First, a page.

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Lee Dissents

As many students are beginning to organize their response to the idea of war, Mills alumnae Congresswoman Barbara Lee (D-Oakland) has begun her own fight for peace.

In the days immediately following the attack, the House of Representatives voted on several bills dealing with the attacks of Sept. 11. Lee voted for resolutions condemning the attacks, speeding up allocation of relief funds for victims and their families, and a resolution providing additional funding for increasing public safety.

Lee, however, was the single vote against a bill that would have given President George Bush full rights of war. “It was a tough decision, I agonized over it. It troubled me. It was a troubling process,” Lee said.

Lee, who is up for re-election next year, ran a great political risk according to some pundits. Letters to the editors have been printed in Bay Area papers reflecting both support and disdain for her decision. A reader of the Mercury News said that her vote “compels me to demand her immediate resignation.”

According to a New York Times poll 92 percent of Americans support some form of military reaction. Lee does want some sort of response. “We have got to bring justice to the terrorist,” she said.

However she said that voting to repeal the war powers act would “be giving away the powers of the congress. I knew this vote (for the bill) would disenfranchise the American people.”

The bill that Lee voted against, a vote that has earned her nation-wide attention, reverses the War Powers Act of 1973. The act allows the president to put the armed forces into action without congressional approval when there is an attack on the U.S. However, the president would have to tell congress the scope of the military engagement and report back on the progress of the campaign.

Lee said that the resolution would take power out of the hands of elected representatives. The bill’s “mandate is too broad for any president to have and to not have to report back on what countries we would go into, how many people would be killed or what kind of collateral damage would be acceptable,” said Lee.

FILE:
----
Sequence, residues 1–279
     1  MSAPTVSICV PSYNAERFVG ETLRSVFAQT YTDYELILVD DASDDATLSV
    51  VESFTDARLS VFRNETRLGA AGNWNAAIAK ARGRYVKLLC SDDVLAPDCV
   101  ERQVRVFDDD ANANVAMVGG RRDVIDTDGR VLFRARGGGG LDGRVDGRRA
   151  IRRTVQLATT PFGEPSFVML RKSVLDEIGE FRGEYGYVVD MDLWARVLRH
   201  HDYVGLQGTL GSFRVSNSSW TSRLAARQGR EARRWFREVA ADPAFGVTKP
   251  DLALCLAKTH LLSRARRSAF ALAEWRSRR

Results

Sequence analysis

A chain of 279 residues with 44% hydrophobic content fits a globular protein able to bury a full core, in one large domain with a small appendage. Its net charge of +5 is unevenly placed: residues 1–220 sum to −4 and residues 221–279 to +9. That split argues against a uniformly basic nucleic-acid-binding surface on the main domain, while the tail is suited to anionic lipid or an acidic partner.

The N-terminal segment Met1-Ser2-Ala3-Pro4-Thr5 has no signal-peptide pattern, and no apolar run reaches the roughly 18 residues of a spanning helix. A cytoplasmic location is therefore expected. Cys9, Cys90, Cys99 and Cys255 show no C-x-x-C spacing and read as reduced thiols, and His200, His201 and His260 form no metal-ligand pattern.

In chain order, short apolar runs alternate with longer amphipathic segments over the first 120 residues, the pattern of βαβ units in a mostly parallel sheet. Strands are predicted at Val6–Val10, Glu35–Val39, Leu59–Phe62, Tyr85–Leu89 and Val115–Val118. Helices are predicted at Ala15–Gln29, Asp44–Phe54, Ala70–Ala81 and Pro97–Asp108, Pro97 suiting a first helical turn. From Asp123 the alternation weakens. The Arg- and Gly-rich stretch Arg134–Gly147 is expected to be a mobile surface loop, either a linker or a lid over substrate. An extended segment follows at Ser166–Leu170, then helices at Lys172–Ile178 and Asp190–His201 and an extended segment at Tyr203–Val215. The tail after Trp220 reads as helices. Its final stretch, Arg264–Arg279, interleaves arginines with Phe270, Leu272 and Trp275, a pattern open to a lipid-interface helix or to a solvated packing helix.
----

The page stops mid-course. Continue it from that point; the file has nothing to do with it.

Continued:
The decision was not an easy one. Lee, like the rest of the country, was going through a struggle of her own. A member of her staff had lost a friend in one of the flights. At the national memorial for the victims Lee said she was moved when a clergy member said ‘as we act, let us not become the evil we deplore.’

“It was right then that I knew I had to vote no,” Lee said. “We have to step back and be the deliberating body in this time of crisis and fear.”

Like Lee, many Mills students were still grappling with their feelings. “There are a lot of mixed emotions,” said junior Crystal Bybee, who has joined Organizing Mills, a student group geared toward developing anti-war activism on campus.

In July Lee and Representative Dennis Kucinich (D-OH) introduced legislation to create a department of peace into the US. cabinet. Kucinich’s Web site focuses on the bill and encourages campuses to hold teach-ins, like the one on the Mills campus Monday, to inform students about the importance of promoting an anti-war agenda.

“Many people understood why I voted this way,” Lee said. “I wasn’t the only person on the floor saying no.” Representatives Kucinich and Jesse Jackson Jr. (D-IL) both spoke against the bill but voted for it.

In his statements on the floor, Kucinich said that military action should be directed toward arresting responsible parties. “Launching weapons of mass or collateral attacks destruction against innocent civilians would be no different than the terror we have already had brought against us,” he said.

Mills students saw strength in Lee’s vote. “It took a whole lot of courage to do what she did,” Bybee said.

Buttons with the slogan, I agree with Barbara Lee, can seen all over campus-from faculty members to students.

“Anybody who will speak out for peace is someone we feel like we can support,” Bybee said.

“I see a lot of movement toward peace on campuses,” said Lee. “People are starting to talk and find out ways to move forward without any more deaths.”

At a teach-in on campus Monday junior Dawn Stepin said, “the teach in was necessary not to just call Mills women to action, but to bring about awareness so that they can make a choice about what to do.”

Lee sympathizes with some students’ desire for peace. The Department of Peace project she launched in July is still part of her agenda.

“The Department of Peace is very important right now,” said Lee. “We need to have someone in that position sitting with the cabinet and working out strategy.”

The response Lee has gotten from campuses all over the nation has been encouraging, she said. “Out of all of this, I hope we have a goal of a peaceful future,” she said. “I am hopeful that we want a secure world for our children.”

Additional reporting by Rowena Weger